Securing Asia-Pacific integration

Thanks;AsiaNews Publication Date : 10-10-2013 The
diplomatic space created by the absence of US President Barack
Obama was well used by China’s President at the Asia-Pacific
Economic Cooperation (Apec) summit in Bali. Xi Jinping made an
impressive presentation that reiterated the country’s role as a
cardinal stakeholder in the future of the Asia-Pacific. Focusing on
China’s new phase of development, as reliance on investments and
exports is tempered by domestic demand as a source of growth, Xi
sketched the outlines of an architecture of regional peace and
prosperity in which Beijing would be a pillar. This statesman-like
vision is much more in keeping with China’s core and long-term
interests than the strategic impatience and assertiveness apparent
in its maritime territorial disputes with Japan and several Asean
countries. Japanese Prime Minister Shinzo Abe’s reminder that his
country has left behind a period of political and economic
sluggishness suggests that Tokyo, too, will be an essential part of
the emerging economic and security architecture of the region.
Greater trust between the two Asian economies will be critical in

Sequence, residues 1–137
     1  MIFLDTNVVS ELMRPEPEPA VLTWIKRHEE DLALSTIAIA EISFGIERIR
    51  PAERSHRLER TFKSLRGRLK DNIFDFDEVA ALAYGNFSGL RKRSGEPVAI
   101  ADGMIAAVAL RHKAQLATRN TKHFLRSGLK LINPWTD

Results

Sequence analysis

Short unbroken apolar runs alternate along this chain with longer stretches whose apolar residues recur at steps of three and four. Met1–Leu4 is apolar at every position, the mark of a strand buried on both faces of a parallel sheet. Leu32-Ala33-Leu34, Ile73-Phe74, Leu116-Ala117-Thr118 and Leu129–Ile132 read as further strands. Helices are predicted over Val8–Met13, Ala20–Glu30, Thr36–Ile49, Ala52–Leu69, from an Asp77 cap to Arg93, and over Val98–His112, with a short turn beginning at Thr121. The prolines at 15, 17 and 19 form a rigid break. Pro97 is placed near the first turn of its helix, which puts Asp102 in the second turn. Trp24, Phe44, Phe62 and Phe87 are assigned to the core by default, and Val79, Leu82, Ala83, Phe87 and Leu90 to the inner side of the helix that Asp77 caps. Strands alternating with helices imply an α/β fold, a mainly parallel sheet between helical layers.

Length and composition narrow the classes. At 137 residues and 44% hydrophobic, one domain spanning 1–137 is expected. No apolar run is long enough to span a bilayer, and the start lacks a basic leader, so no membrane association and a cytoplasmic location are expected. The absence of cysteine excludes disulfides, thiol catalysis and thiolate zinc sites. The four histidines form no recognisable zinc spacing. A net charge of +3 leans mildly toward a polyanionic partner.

cementing the structure, to the benefit of generations of Asians to
come. Account must also be taken of the United States, a superpower
whose strategic footprint is very much a part of the regional
landscape. It is to be hoped that the government shutdown resulting
from political gridlock is a temporary aberration that will not
affect the country’s commitment to the Asia-Pacific and its
credibility in the region. Of immediate interest is the
Trans-Pacific Partnership (TPP), a “gold standard” free trade deal
being negotiated by 12 of Apec’s 21 economies. The good news is
that the partnership, a key American initiative, has not been
catastrophically set back by the want of firm US leadership that
Obama’s presence in Indonesia would have signified. It is important
for all countries engaged in the TPP process to try and achieve a
deal – whose timetable of end-2013 was declared to be still on
track – keeping in mind the twin demands of securing an agreement
that is truly wide-ranging and signing on to what they can sell
their citizens. One way of balancing ambition and realism is to
allow those who are willing to forge ahead to do so and create a
competitive momentum that encourages others to come on board later.
Asean’s experience of this kind of “two-track” process could be
invaluable to the TPP, whose geographical scope is much wider than
that of the Southeast Asian organisation. At the end of the day,
the timetable is important, but not more than the agreement’s
success in sustaining globalisation through pro-trade measures that
will raise living standards in the grouping.

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